US equity futures continued their push higher into record territory overnight (ES +0.1%), and the VIX is 1.5% lower and back under 10, after yesterday’s blistering surge in US stocks which jumped 1%, the most since Sept. 11, following Powell’s deregulation promise, ahead of today’s 2nd estimate of U. S. Q3 GDP which is expected to be revised up. U. S. Senate Budget Committee sent the tax bull to the full chamber to vote, and on Wednesday Senators are expected to vote to begin debating the bill. It wasn’t just the S&P: MSCI’s all-country world index was at yet another record peak after all four major Wall Street indexes notched up new highs on Tuesday. Finally, completing the trifecta of records, and the biggest mover of the overnight session by far, was bitcoin which topped $10,000 in a buying frenzy which saw it go from $9,000 to $10,000 in one day, and which is on its way to rising above $11,000 just hours later.
In macro, the dollar steadies as interbank traders and hedge funds fade its rally this week; today’s major event will be testimony by outgoing Fed chair Janet Yellen after Powell said there is no sign of an overheating economy; the euro has rallied on strong German regional inflation while pound surges on Brexit bill deal news; yields on 10-year gilts climb amid broad bond weakness; stocks rise while commodities trade mixed.
In Asia, equity markets were mixed for a bulk of the session as the early euphoria from the rally in US somewhat petered out as China woes persisted (recovered in the latter stages of trade). ASX 200 (+0.5%) and Nikkei 225 (+0.5%) traded higher. Korea’s KOSPI was cautious following the missile launch from North Korea, while Shanghai Comp. (+0.1%) and Hang Seng (+-0.2%) initially remained dampened on continued deleveraging and regulatory concerns before paring losses into the latter stages of trade. Notably, China’s PPT emerged again with Chinese stock markets rallied in late trade, with the CSI 300 Index of mainly large-cap stocks paring a drop of as much as 1.3% to close 0.1% lower. The Shanghai Composite Index rose 0.1%, swinging up from a 0.8% loss, with property and materials companies among the biggest gainers on the mainland. The Shanghai Stock Exchange Property Index surged 3.8%, the most since August 2016. The Shenzhen Composite Index was little changed, after a 1.2% decline, while the ChiNext gauge retreated 0.4%, paring a 1.5% loss. In Hong Kong, the Hang Seng Index was little changed as of 3 p.m. local time, while the Hang Seng China Enterprises Index fell 0.3%Stocks in Europe gained, following equities from the U. S. to Asia higher as optimism over U. S. tax reform and euro-area economic growth overshadowed concerns about North Korea’s latest missile launch. The Stoxx 600 gained 0.8%, reaching a one-week high and testing its 50-DMA. Germany’s DAX, France’s CAC, Milan and Madrid were all up between 0.5 and 0.7% and MSCI’s all-country world index was at yet another record peak after all four major Wall Street indexes notched up new highs on Tuesday. ‘It seems to me markets are still trading on the theory that the glass is half full,’ said fund manager Hermes’ chief economist Neil Williams.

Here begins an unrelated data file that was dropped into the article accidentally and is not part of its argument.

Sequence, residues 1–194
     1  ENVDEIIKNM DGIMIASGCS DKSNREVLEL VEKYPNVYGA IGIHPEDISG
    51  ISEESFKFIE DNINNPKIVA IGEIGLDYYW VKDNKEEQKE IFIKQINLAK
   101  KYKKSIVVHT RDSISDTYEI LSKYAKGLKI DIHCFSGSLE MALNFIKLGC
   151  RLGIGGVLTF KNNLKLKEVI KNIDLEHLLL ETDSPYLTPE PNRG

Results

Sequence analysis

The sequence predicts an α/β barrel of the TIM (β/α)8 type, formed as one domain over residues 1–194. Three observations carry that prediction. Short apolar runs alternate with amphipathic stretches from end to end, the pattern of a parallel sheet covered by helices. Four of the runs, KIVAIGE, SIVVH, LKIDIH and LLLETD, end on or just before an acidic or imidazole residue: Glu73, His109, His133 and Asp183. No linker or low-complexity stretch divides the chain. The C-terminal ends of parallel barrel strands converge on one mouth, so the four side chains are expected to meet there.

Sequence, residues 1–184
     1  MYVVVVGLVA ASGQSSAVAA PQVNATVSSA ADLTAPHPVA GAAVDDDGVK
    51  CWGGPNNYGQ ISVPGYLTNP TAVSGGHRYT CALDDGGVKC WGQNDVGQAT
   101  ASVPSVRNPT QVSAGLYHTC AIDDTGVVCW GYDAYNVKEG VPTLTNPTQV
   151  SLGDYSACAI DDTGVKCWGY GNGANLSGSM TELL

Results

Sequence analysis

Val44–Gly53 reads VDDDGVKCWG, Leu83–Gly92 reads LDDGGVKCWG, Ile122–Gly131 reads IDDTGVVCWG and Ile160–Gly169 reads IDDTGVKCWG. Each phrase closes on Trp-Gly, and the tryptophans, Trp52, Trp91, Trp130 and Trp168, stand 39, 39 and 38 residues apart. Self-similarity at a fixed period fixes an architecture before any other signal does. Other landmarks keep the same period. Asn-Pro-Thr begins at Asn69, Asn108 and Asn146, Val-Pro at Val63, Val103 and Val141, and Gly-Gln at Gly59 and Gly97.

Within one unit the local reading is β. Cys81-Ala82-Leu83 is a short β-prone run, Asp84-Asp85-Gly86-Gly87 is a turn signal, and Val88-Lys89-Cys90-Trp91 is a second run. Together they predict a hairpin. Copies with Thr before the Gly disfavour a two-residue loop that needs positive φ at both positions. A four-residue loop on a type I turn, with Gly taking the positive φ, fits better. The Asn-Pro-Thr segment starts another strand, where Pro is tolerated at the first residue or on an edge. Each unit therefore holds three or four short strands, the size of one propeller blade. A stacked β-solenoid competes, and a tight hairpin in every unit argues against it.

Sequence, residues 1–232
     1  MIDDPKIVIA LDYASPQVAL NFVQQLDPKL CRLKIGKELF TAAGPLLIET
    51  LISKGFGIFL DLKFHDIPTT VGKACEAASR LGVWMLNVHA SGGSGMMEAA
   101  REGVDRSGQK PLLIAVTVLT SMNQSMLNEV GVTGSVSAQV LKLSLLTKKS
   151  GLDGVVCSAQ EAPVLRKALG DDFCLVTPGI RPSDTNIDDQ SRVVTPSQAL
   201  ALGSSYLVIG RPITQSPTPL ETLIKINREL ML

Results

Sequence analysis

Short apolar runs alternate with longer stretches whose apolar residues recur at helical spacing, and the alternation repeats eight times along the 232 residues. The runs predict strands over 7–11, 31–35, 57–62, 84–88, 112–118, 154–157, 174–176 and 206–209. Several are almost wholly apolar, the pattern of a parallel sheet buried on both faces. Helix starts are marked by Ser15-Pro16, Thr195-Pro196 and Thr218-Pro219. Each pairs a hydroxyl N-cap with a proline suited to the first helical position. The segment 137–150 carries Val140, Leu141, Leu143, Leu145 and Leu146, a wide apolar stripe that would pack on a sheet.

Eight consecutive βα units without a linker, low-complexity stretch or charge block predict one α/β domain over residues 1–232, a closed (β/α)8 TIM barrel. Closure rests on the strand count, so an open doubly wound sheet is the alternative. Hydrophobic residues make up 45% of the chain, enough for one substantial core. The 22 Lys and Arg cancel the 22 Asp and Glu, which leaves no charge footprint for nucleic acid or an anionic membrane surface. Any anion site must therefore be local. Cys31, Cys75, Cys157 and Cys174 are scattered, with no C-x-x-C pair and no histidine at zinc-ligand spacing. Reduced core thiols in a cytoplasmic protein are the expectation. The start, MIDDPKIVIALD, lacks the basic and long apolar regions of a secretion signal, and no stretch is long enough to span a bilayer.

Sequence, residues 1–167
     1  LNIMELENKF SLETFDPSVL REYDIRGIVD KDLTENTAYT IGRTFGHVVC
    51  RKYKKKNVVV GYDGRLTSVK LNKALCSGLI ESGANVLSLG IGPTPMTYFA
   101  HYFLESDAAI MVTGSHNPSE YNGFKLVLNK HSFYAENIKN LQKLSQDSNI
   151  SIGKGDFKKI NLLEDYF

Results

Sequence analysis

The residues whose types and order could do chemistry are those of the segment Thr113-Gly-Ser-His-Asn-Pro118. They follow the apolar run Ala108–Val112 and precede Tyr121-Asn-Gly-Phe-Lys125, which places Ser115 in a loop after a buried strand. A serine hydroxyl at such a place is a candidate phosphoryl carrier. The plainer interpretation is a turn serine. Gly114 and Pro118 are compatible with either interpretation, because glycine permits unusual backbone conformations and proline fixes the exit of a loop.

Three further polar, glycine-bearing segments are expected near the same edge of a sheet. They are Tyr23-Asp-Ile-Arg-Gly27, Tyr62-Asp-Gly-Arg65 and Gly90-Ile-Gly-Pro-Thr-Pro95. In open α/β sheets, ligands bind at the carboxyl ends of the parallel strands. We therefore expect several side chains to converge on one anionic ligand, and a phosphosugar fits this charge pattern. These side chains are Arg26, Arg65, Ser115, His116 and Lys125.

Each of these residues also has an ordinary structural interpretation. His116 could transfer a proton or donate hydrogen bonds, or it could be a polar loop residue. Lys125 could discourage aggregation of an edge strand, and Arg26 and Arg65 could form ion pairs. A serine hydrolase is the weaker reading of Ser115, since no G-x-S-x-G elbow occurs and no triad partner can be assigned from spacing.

This post was published at Zero Hedge on Nov 29, 2017.